And speaking of standards, I wish to add a word here about religious standards apart from spiritual practices. Not everybody who says they practice our religion does. We need to be open to other beliefs, other points of view, yes. But if these points of view are radically different from the traditional ones, then they are not representative of traditional beliefs. Humanist heathens, and chaos magicians, and especially xaos magicians, are not heathen. They believe that they can believe anything they like about the gods and heathen ideals. They believe that worshipping the gods is nothing more than building up thoughtforms in the head. These people will, for instance, worship Marvel Thor and demand to be taken seriously by traditional heathens.

They have a right to their beliefs. It is a valid enough spiritual tradition of its own. However, it is essentially atheist, and not in any way heathen. They are free to use our images and names, they are part of their heritage too. But this does not mean that they have the right to be considered actual heathens.

Frith and Faith

My grandmother recently passed away after a long battle with a variety of illnesses. As a devout Lutheran she disapproved of pretty much everything I believe and do, but was respectful and classy enough to keep it to herself. As I am 3,000 miles away from her funeral and wake, I wanted to hold a minni for her. (In case you are not heathen, the minni is the rite of remembrance, something like a religious ritual and a wake combined.)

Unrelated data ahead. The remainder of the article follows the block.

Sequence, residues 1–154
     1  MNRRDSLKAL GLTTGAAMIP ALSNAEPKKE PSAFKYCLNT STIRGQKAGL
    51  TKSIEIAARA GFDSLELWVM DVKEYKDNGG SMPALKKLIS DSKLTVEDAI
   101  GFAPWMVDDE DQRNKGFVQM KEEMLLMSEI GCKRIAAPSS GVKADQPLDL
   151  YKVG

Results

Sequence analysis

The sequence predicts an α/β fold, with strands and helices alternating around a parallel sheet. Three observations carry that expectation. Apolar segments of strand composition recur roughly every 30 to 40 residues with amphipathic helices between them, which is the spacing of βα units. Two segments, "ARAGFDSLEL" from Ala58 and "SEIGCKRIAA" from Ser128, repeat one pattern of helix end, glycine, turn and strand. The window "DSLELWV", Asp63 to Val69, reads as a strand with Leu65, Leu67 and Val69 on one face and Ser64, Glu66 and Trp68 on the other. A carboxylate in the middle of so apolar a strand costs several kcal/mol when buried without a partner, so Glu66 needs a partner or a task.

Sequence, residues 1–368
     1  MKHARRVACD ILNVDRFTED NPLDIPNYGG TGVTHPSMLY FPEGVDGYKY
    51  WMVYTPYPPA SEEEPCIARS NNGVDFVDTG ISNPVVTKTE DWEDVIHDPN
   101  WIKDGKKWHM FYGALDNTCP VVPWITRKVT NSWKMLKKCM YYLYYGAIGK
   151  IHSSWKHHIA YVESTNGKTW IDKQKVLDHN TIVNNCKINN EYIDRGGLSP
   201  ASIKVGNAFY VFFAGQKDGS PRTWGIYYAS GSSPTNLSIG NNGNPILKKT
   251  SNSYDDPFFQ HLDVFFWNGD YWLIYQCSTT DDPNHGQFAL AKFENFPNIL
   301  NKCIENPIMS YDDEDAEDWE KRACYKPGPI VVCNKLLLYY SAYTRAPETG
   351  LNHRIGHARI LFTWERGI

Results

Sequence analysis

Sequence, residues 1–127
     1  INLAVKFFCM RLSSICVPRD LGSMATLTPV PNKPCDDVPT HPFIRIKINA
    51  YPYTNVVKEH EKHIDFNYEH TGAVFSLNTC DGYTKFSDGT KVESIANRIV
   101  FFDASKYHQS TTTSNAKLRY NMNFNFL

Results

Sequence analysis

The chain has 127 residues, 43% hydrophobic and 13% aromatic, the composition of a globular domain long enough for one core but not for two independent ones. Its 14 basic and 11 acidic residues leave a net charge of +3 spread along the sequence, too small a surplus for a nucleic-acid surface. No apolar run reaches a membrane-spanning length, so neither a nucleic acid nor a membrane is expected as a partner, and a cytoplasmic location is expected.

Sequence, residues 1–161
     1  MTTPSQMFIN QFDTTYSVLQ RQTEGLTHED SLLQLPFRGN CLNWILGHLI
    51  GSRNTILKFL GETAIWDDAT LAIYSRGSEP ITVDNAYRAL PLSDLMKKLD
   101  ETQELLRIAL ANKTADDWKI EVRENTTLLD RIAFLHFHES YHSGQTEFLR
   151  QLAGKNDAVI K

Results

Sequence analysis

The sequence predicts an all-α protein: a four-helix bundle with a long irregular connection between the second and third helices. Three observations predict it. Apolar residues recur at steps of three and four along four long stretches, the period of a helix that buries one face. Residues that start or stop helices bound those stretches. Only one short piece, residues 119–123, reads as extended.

This presented me with something of a dilemma. I had spent the last few years living with her and helping to look after her, and wanted to do something to honor her and find closure on that chapter of my life. However, she would not want heathen prayers said for her, the intercession of a heathen divinity, or any suggestion that she might even theoretically be involved with such things.

So I compromised. I did not ask for Odin to ferry her safely to the other side. I did not ask any heathen god to bless her. I did hallow the ritual space by the Hammer, and asked Odin’s blessing over the ritual drink. Then I offered my grandmother traditional toasts, speaking memories of her life and the ways she had affected me, such as introducing me to the runes.